Manuel Gonzales
Centro Nacional de Control de Enfermedades Tropicales
Planta Hospital Jaime Mota
Av. Casandra Damirón Esq.
Tony Mota
Dominican Republic


WHO Focal Point

Dr Steve Ault
Regional Advisor in Communicable Diseases (Parasitic Diseases)
Room 714, DPC
Regional Office for the Americas/Pan American Sanitray Bureau (AMRO/PAHO)
525, 3rd Street NW
Washington DC, USA


African PRG

American PRG

Eastern Mediterranean PRG

South-East Asia PRG

Western Pacific PRG

American Programme Review Group

World Health Organization, Pan American Health Organization -

Immuno-chromatographic ICT cards have enabled the countries in the Region to re-assess the epidemiological situation of LF. Current evidence strongly suggests that Suriname, Trinidad & Tobago and Costa Rica have eliminated transmission. Belém and Maceio, two of three foci in Brazil, also have apparently interrupted transmission recently. Guyana launched a programme bases on the DEC-fortified salt regimen and continues efforts to scale it up.

The potential of integrating control programs into other ongoing public health initiatives in the Region is good, as are the prospects of implementing the programs in a cost-effective, socially responsible manner through links with other programs. There has been significant progress in re-assessing the status of infection and disease in the seven endemic or formerly-endemic countries and this important knowledge will allow the Region to redefine the at-risk population, the treatment targets and the implementation units (IU).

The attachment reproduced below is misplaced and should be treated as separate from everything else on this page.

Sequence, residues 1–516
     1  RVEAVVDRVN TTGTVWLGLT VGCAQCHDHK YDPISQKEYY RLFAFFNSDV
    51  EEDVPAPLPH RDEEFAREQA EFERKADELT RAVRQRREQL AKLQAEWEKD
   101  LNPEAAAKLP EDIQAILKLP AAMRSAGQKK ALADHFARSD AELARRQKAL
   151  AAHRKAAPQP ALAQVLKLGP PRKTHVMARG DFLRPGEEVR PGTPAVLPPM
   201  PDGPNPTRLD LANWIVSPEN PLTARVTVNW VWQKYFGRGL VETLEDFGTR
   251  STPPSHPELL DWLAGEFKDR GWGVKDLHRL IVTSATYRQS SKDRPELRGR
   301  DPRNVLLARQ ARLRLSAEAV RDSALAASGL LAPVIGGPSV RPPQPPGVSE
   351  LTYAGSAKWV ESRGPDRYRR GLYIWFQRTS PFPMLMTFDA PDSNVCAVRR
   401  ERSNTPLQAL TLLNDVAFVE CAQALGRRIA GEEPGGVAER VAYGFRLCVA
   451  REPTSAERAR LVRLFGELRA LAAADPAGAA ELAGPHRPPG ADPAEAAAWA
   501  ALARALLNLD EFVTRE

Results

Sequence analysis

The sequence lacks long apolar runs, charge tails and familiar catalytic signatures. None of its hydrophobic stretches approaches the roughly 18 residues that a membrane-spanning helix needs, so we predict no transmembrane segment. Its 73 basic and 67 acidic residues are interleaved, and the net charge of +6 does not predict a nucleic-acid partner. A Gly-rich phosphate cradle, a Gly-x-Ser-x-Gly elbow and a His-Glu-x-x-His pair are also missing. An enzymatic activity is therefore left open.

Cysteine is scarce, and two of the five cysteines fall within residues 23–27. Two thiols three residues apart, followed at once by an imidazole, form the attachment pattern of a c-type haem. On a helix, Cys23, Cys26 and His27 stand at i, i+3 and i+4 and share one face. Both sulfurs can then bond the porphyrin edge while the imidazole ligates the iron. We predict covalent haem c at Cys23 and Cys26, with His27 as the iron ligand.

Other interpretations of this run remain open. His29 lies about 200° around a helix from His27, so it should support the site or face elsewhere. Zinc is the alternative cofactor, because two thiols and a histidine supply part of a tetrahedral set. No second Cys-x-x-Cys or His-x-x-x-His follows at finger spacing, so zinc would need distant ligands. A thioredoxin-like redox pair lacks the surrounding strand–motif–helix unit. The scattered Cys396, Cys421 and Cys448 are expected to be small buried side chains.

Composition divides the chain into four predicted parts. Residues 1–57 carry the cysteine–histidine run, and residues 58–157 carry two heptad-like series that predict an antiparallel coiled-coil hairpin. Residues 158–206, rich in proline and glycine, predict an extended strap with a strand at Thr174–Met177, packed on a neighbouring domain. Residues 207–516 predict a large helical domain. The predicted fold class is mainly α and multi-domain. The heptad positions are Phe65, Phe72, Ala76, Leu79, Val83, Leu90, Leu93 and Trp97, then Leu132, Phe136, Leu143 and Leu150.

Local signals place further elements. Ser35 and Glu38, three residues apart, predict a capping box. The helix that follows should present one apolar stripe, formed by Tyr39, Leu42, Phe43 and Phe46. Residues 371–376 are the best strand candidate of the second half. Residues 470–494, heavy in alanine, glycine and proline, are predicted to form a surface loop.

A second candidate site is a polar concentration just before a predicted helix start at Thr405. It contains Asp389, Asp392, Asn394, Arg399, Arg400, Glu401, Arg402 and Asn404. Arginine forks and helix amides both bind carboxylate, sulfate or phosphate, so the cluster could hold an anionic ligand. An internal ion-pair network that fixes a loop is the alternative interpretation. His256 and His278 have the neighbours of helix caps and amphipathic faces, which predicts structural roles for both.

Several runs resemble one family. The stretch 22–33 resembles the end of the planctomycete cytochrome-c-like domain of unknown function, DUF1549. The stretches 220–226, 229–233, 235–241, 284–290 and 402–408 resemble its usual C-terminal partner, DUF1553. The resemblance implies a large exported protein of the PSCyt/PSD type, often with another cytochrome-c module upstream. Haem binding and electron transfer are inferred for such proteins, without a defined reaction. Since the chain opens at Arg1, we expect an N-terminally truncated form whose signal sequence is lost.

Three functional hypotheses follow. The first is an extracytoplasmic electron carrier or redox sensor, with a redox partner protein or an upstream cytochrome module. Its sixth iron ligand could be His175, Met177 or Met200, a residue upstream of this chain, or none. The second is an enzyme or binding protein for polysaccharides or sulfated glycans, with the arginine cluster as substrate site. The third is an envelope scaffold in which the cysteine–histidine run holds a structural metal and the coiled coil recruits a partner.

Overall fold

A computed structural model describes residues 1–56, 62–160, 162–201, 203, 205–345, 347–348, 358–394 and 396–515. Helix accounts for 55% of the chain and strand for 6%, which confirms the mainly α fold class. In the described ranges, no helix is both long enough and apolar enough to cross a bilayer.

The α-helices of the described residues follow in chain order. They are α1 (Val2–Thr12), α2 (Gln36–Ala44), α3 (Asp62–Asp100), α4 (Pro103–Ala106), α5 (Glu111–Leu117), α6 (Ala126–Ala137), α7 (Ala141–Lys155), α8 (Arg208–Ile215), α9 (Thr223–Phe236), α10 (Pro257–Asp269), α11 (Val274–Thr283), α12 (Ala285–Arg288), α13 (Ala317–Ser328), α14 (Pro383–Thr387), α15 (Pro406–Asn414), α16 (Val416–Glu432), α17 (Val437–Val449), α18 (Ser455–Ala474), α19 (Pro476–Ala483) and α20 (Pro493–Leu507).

Work remains to be done to assess the scale of the problems of disability and to develop an appropriate response to address it. Some of the programs face obstacles, including the lack of both human and financial resources and, at times, political commitment. Thus, the Global Alliance is confronted with the challenge of conducting intensive advocacy among those capable of effective action, including the Ministries of Health, the NGDOs, the bilateral agencies and the United Nations system.

Among the biggest challenges are the need to scale-up efforts in those countries where mass distribution activities are on-going. Among the most important assets sustaining the regional LF elimination efforts are the partnerships and alliances that have evolved among the countries, the international community, the private sector and non governmental organizations (NGO). Our regional initiative must quickly consolidate a rational disability prevention and rehabilitation program in collaboration with our partners and sponsors.